We were all schooled in the traditional drivers of marketing – the pillars we all know as the “Four P’s”:
“Product, Price, Place and Promotion”
Consumer expectations and advancements in technology are pushing the limits and demanding a redefinition of these fundamentals. If we stop and take an in-depth look into the critical intersection of brand value, customer experience (CX), value proposition, convenience and loyalty, we quickly observe that the traditional “P’s” have become exceptionally outdated when considered in isolation. Product, price, place and promotion certainly aren’t irrelevant, but they also (clearly) aren’t the only primary considerations when it comes to marketing strategy and execution in today’s global ecosystem.
I would argue that our organizations will best achieve growth, scaling and long-term sustainability if we adjust our approach to also consider the following marketing pillars moving forward:
“Predictability, Personalization, Productivity, People, Process and Privacy”
A theme I always emphasize with my clients and audiences is that strategy can never be irrelevant because it is by definition, it is never-ending. The more successful our product or service, the more likely that our ideas, innovations and offerings will be replicated by competitors. Startups may have the luxury of offering a unique product for some initial timeframe, but eventually, great ideas are recognized and copied. Our competitors try to do it better….faster…cheaper, so we have to keep pushing the limits with respect to our own quality, communication, and value.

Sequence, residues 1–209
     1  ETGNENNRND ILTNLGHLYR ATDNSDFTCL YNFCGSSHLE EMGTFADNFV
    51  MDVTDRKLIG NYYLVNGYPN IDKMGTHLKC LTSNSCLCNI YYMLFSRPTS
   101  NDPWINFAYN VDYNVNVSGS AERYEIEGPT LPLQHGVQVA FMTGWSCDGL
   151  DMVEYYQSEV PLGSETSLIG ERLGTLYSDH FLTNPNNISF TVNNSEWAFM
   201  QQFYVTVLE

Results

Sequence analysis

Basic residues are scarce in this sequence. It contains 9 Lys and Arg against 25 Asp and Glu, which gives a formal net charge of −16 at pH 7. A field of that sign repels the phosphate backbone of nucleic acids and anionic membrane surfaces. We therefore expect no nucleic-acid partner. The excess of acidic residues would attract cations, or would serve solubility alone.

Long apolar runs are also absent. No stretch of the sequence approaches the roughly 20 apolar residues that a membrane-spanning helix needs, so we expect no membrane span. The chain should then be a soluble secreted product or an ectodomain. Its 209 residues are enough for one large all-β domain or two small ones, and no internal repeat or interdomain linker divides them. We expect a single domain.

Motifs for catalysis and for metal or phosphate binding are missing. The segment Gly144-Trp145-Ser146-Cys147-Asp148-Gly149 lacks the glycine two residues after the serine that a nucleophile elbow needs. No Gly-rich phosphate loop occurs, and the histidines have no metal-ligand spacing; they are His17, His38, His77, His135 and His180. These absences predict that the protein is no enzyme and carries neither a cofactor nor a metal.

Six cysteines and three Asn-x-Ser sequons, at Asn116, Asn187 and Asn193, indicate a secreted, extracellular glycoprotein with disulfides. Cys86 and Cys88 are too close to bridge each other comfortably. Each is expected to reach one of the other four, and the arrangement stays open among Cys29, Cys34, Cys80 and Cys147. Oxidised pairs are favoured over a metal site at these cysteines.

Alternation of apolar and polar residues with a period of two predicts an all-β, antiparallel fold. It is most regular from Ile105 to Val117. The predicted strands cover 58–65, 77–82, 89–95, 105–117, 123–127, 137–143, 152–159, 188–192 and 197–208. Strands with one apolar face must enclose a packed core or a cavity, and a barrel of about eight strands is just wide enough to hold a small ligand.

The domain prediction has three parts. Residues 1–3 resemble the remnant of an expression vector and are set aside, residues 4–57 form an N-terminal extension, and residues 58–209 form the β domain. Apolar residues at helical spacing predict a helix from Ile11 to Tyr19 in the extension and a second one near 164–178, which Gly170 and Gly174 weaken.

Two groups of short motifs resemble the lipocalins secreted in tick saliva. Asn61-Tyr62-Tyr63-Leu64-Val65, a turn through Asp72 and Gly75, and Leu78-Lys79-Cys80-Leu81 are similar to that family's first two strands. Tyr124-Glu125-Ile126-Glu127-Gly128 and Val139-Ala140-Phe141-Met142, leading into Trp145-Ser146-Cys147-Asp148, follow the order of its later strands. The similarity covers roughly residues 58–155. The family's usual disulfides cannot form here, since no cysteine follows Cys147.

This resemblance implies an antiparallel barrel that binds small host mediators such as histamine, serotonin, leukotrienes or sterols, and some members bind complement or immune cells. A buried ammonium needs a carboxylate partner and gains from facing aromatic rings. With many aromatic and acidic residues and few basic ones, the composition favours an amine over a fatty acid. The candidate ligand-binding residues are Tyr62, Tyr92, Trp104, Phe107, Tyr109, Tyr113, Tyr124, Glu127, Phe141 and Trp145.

Technology is making the complexities of the marketing pillars more prevalent and rapidly changing. Every aspect of marketing, business development, advertising and sales have had to adjust in terms of both meeting expectations and leveraging opportunities. Consumers know what they want…when they want it (NOW!)…and other resources that can be tapped if those demands aren’t met…and met quickly. Accordingly, organizations must have the people, processes (including automated and augmented technologies) and productivity in place to respond quickly to the predictability and personalized expectations of the consumer base (i.e., think utilization of AI-based solutions to apply better targeted, emotional advertising).
Privacy is one of the most interesting facets of this discussion because so many aspects of it inherently have to be sacrificed if all of the other pillars are to be achieved. Consumers have extreme expectations regarding personalization, convenience, pricing and more…and are only now beginning to realize that catering that beneficial also comes at a cost in terms of their information. Big data, AI, machine learning and other tools are allowing us to more effectively target and market, but privacy seems to be the one, non-negotiable expense that consumers and end-users are being forced to pay.
The concept of privacy in the Digital Age is an important one that we will continue to revisit in the future.